Help Desk: How to Scout New Brands

With retailers working harder than ever to excite the customer, many are seeking new brands to create a point of difference. But where can they go to find fresh resources?

In this economy, footwear retailers everywhere are scrambling to gain an edge on the competition. Many are turning to new designers and brands to bring excitement to their shelves. But it isn’t always easy to find them.

To track down new talent, store owners say they are looking beyond the trade show circuit and getting creative. Chuckies New York, for instance, has an open-door policy. “We do allow new designers to come to the shop and show us what they have,” said the store’s owner, Richard Erani. “We usually never turn down an [appointment with an] aspiring new designer.”

Bloomingdale’s began holding designer open calls in February. Some of these will be among the 17 new shoe brands the department store is adding to its roster for fall ’09.

The Internet also has become an increasingly important tool for hunting for up-and-coming designers and brands. “Things have changed from 10 years ago because we have access to so much more information,” said Julie Gilhart, SVP and fashion director at Barneys New York, who receives hundreds of e-mails and links to blogs and Websites touting new labels. “If you’re paying attention, it’s easy to see new things, but it’s much harder to find product that is of good quality and that has a future. We have to be super-selective.”

Tom Mendes, founder of the Plaza Too boutiques in New York and Connecticut, said he regularly trolls the Web in search of new product and inspiration. “I am an Internet junkie,” said Mendes, whose addiction recently helped him expand his clog business. After posting a message on the store’s Facebook page asking people to respond with their favorite clog brands, Mendes scored a good tip on a new line, although he declined to reveal what it is. “I can’t tell you how often I do little surveys like that,” he said.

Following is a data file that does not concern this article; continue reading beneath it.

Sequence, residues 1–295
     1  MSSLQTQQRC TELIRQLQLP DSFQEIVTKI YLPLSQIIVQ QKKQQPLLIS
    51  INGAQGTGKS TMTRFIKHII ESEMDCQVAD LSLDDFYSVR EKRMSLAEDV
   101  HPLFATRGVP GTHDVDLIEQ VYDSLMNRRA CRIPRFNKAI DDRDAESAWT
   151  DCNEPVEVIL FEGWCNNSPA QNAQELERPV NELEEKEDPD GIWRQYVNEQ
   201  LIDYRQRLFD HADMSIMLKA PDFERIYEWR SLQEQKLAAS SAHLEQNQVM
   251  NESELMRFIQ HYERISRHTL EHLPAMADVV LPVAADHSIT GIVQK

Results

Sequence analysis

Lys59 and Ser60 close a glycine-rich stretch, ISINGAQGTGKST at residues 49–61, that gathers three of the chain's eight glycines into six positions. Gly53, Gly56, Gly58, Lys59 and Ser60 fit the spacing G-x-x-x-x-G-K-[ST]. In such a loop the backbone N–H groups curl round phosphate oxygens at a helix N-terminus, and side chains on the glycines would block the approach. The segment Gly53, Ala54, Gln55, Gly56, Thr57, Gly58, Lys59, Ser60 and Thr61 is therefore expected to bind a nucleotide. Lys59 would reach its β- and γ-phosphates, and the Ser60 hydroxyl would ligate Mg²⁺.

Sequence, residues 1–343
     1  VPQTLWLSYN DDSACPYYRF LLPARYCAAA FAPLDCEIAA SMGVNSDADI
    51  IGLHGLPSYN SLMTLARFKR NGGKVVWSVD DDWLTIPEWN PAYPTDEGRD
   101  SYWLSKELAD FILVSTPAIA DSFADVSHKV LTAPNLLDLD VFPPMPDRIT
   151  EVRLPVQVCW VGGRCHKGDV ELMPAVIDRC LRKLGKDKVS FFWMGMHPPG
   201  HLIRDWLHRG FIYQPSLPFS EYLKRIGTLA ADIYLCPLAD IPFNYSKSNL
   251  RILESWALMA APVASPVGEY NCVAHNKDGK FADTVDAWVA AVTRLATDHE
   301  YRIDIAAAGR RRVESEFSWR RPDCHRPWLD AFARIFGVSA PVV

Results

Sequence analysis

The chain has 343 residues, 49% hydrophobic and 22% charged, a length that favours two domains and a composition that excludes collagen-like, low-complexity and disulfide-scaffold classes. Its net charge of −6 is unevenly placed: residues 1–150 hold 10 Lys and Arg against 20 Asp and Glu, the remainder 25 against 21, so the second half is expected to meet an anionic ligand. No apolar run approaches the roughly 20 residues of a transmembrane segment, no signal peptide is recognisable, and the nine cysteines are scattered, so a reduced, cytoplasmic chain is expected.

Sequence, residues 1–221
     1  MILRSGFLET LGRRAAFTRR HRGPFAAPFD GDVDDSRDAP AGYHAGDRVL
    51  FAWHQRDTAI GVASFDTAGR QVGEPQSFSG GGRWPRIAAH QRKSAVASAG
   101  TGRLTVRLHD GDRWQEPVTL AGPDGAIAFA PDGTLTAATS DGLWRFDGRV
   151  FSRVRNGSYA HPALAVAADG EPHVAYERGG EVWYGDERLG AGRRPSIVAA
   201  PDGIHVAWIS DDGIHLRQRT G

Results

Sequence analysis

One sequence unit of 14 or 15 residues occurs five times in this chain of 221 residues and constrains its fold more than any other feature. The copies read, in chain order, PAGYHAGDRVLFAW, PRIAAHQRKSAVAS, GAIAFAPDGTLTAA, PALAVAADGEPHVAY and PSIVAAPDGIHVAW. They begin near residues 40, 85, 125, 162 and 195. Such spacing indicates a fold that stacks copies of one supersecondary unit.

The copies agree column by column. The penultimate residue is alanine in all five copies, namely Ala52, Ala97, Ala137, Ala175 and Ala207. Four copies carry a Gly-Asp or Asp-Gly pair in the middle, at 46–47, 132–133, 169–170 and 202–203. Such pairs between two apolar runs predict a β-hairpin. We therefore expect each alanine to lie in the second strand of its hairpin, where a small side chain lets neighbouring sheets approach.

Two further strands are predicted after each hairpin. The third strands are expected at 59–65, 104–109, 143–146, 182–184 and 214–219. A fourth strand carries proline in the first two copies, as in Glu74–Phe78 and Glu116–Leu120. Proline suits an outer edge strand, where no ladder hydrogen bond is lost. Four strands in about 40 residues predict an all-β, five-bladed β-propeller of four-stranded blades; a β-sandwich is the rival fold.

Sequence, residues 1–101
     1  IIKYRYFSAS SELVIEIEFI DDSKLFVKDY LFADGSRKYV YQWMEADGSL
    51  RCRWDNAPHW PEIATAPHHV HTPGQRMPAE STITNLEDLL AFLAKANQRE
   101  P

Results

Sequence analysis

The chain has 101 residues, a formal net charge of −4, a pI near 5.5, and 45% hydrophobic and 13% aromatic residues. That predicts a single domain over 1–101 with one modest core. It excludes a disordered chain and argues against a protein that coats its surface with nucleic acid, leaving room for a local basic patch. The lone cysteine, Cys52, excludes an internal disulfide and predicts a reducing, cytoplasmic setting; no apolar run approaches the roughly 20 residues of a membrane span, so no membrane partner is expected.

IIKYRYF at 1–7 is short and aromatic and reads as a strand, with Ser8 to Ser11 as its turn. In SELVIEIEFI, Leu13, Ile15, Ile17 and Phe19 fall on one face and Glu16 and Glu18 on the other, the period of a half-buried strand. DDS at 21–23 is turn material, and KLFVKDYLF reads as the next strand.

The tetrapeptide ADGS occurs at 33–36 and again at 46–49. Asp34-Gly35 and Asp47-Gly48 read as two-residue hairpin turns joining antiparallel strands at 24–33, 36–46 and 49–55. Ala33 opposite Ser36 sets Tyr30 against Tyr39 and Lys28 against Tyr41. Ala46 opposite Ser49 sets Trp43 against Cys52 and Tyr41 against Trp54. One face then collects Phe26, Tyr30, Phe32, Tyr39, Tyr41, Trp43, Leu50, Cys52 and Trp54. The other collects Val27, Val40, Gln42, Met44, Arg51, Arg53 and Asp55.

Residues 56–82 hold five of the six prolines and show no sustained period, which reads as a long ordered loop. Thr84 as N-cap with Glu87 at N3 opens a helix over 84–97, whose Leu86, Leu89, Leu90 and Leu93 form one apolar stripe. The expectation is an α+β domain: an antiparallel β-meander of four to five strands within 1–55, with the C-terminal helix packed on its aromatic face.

Other retailers are turning to current contacts for leads on new ones. John Harris, owner of designer boutique Gregory’s in Dallas, taps his factory connections to find up-and-comers. “When you’ve been going to Italy for a long time, you have people who are your friends and they help you. Most factories are making shoes for different brands, so if you’re doing direct business and someone else manufactures there, [it’s a good entrée to that brand],” he said.

Exclusives are another way Plaza Too is striving to set itself apart in a tough climate. “You have to look at your existing partnerships and see what you can do that could be different,” Mendes said. “It may not be a new brand, but simply [a style] that is new and exclusive to your store.”

Gilhart noted that Barneys’ recent exclusive line of eco-friendly Keds designed by Loomstate “was a way to bring newness and innovation to the store at a time when people are really looking at prices.”

If exclusivity is not an option, there are other ways to work with rising designers, retailers said. “I wouldn’t ask a designer to do exclusives for me because I don’t have [multiple] stores,” said Patti Silver, co-owner of Fred Segal Feet in Los Angeles. “But if a new designer’s shoes are exciting, I might make a deal with them.” For example, if certain styles don’t sell through, the designer agrees to swap them out for something else.

Mendes negotiated a consignment agreement when he took on the new H. Williams collection for fall ’09. “It’s a partnership,” he explained. “We are paying for everything we sell, and we’ll see what we can do with the rest.” Mendes said he is open to swapping out unsold pairs for new product. “We are looking to go forward with [the line] — not to say [later that] we sold two pairs and now it’s over.”

Having a strong relationship with designers can also help open doors to new resources when a designer moves on to a new role. “We actually went to see Bally because we knew Brian Atwood is now designing there,” said Chuckies’ Erani.

But Erani noted that despite all the different scouting strategies, uncovering new talent is still hit or miss. “There is really no magic technique for finding creative new designers,” he said.

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